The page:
GENEVA — Global trade in 2008 is projected to increase at the lowest rate in six years because of turmoil in financial markets and the sharp economic slowdown in the U.S. and other major economies, a new report said Thursday.
The study by the World Trade Organization predicted that trade volume would go up 4.5 percent, or 1 percent less than 2007. However, the report cautioned that there are considerable downside risks. The WTO warned that a stronger economic downturn “could cut trade much more sharply, to significantly less” than the level forecast.
The organization’s chief economist, Patrick Low, told reporters that projections will probably have to be revised in the third or fourth quarter.
Last year, boosted by results from robust emerging economies such as China and India, global trade in value terms increased 15 percent to $13.6 trillion, the study said. The disparity between the rate of increase in trade volume and value is largely attributed to the weakened dollar, since global trade is calculated on U.S. currency.
The report, “World Trade 2007 and Prospects for 2008,” said the fastest-growing major emerging economy, China, posted a 26 percent increase in exports to $1.2 trillion last year, which elbowed out the U.S. as the world’s second-largest exporter, behind top-ranked Germany. The U.S. was positioned third with $1.1 trillion in goods exports, up 12 percent.
Low said emerging countries accounted for more than half the world’s trade growth last year. South Asia’s most dynamic economy, India, moved up two slots to be the 26th largest exporter, with shipments worth $145 billion, a 20 percent gain from the year before.
Last year, the U.S. remained the world’s top importer with a 5 percent increase in the value of shipments to $2 trillion, followed by Germany with a 17 percent advance to $1 trillion, and China in third place with $956 billion, up 21 percent.
The report said U.S. imports from China “rose by 12 percent, more than twice as fast as total imports, despite very weak U.S. import demand in electronic goods and clothing,” two key sectors of U.S. imports from China.Energy-rich Russia, flush with huge increases in export revenues, notched a 35 percent rise in imports to $223 billion. A significant increase was also reported by India, with imports up 24 percent to $217 billion, and Turkey, which was up 22 percent to $170 billion.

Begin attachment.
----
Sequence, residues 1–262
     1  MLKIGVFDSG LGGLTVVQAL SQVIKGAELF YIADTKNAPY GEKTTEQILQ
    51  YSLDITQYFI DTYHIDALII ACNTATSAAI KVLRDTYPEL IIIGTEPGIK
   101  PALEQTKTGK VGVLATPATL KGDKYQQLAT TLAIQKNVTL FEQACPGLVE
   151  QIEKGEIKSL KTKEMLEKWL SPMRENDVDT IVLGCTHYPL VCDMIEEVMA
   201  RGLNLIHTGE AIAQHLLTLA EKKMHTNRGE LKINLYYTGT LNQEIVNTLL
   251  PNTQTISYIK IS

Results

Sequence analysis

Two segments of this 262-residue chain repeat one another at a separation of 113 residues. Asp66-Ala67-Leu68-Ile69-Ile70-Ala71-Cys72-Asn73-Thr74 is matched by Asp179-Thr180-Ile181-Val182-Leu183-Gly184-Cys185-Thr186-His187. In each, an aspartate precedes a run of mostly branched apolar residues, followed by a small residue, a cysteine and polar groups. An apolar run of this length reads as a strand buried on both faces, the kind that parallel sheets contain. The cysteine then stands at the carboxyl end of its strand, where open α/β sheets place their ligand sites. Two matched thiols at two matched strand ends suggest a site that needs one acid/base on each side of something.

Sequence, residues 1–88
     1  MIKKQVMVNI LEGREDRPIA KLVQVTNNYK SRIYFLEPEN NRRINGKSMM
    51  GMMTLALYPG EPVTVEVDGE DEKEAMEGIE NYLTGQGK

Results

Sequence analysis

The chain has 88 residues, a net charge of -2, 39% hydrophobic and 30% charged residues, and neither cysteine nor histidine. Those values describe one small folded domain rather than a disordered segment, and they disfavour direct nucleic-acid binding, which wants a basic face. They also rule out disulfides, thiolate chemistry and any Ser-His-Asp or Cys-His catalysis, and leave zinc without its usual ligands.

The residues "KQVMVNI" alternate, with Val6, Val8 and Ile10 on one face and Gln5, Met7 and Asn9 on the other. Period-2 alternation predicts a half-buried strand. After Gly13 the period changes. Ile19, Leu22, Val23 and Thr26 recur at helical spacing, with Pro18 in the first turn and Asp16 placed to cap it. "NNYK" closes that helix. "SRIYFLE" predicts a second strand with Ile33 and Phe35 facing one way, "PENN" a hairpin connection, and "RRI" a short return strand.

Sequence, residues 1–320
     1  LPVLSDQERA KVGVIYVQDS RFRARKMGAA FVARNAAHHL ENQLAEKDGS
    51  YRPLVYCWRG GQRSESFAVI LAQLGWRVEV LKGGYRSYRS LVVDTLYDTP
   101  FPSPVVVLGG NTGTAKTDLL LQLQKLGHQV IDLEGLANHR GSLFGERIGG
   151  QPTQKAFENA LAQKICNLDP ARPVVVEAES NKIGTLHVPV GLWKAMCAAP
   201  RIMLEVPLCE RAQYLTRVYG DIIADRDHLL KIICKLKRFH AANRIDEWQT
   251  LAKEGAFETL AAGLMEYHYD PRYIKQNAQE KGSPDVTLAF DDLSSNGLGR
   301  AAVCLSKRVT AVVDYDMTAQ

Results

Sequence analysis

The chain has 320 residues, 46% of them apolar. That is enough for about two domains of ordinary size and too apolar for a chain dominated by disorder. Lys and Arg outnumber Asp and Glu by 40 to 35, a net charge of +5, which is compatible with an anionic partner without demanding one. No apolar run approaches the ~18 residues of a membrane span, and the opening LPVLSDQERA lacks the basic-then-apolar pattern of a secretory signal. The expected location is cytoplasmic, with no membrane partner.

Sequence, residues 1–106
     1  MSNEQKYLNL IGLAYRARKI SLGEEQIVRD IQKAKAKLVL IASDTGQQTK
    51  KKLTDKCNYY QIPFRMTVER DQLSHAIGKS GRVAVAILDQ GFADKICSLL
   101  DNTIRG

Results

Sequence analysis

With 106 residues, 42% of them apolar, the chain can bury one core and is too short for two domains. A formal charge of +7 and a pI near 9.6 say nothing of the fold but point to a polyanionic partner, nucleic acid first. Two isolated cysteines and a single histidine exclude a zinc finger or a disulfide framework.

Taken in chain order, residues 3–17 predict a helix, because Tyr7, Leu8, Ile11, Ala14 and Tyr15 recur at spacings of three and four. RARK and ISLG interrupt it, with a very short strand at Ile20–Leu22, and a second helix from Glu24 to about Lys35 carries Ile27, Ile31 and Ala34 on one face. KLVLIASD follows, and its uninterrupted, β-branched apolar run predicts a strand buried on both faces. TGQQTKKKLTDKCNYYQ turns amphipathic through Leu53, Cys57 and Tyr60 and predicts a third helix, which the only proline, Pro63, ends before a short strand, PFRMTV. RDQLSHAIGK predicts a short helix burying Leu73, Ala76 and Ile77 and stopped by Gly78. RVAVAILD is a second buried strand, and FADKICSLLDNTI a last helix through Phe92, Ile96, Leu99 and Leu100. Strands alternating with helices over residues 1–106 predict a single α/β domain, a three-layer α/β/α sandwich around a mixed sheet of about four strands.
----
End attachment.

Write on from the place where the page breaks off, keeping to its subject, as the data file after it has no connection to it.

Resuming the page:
WTO director general Pascal Lamy said the economic turmoil has not led to a disruption in global trade, but noted “protectionist pressures are building as policy makers seek answers to the problems that confront us.” He said the best way to reinforce the global trading system is to conclude Doha global trade talks, launched in November 2001 and aimed at lowering tariffs and other barriers to global commerce.
“Azzedine has been one of the biggest influences in my life. He has always been such a strong, loving, fatherly figure to me. I call him Papa. His designs are indescribably unique, they are pieces of art. He knew how to make the female form look its loveliest. I have so many memories of him; my favorite might be during my first show with him in Paris. He liked me and he wanted to help me get more work. He called all his friends at Kenzo and Comme des Garcons, and asked them to book me. They said, ‘But she can’t walk!’ And he said, ‘but she has such a great ass!' His friendship and support has been the great privilege of my career. I can't imagine life without him. Repose en paix mon Papa.” - @stephanieseymour tells @wwd. #wwdfashion (📷: @steveeichner) #alaia #azzedinealaia
Azzedine Alaïa, flanked by two of his closest friends, models Stephanie Seymour and Naomi Campbell.
He designed Seymour’s dress for her 1995 wedding to Peter Brant, and treated Campbell (who famously called him Papa), like a daughter. For more on the legendary designer, tap the link in bio. #wwdfashion #alaia #azzedinealaia
Azzedine Alaïa's “I-did-it-my-way” ethos stood out starkly at a time when brands are experimenting with consumer-facing fashion shows, coed formats and trans-seasonal collections – anything to perk up lackluster sales of ready-to-wear in an age of Insta-everything. “It’s not creation anymore. This becomes a purely industrial approach,” the late designer told WWD in an interview last year. “But anyway, the rhythm of collections is so stupid. It’s unsustainable. There are too many collections.” Read more about the iconic designer’s life and work on wwd.com, link in bio. #wwdfashion #azzedinealaia (📷: @WWD Archive, 1986) #alaia
Sneaker reselling app @goat’s latest exhibit, "The Greatest: New York," tells the story of New York's sneaker culture. To celebrate the exhibit, an intimate crowd gathered on Thursday night at the pop-up gallery space, located at Platform in Culver City, to hear guest speaker and illustrator @esymai talk about her own rise in streetwear and women in the business. "For me I'm just someone who is creative. I like to create things," said Chang. #wwdfashion
Azzedine Alaïa, one of the most iconic couturiers of the modern era whose body-con designs defined Eighties fashion, has died in Paris. The diminutive Tunisian-born designer, known for his structured knitted dresses with fitted waists and impeccably cut, figure-hugging second skin silhouettes was deeply admired by his peers, and counted supermodel Naomi Campbell - his adoptive daughter - among his inner circle, one of a gang of glamazons including Farida Khelfa, Carla Bruni and Stephanie Seymour who became ambassadors of his style. (📷: Alexandre Guirkinger) #wwdblast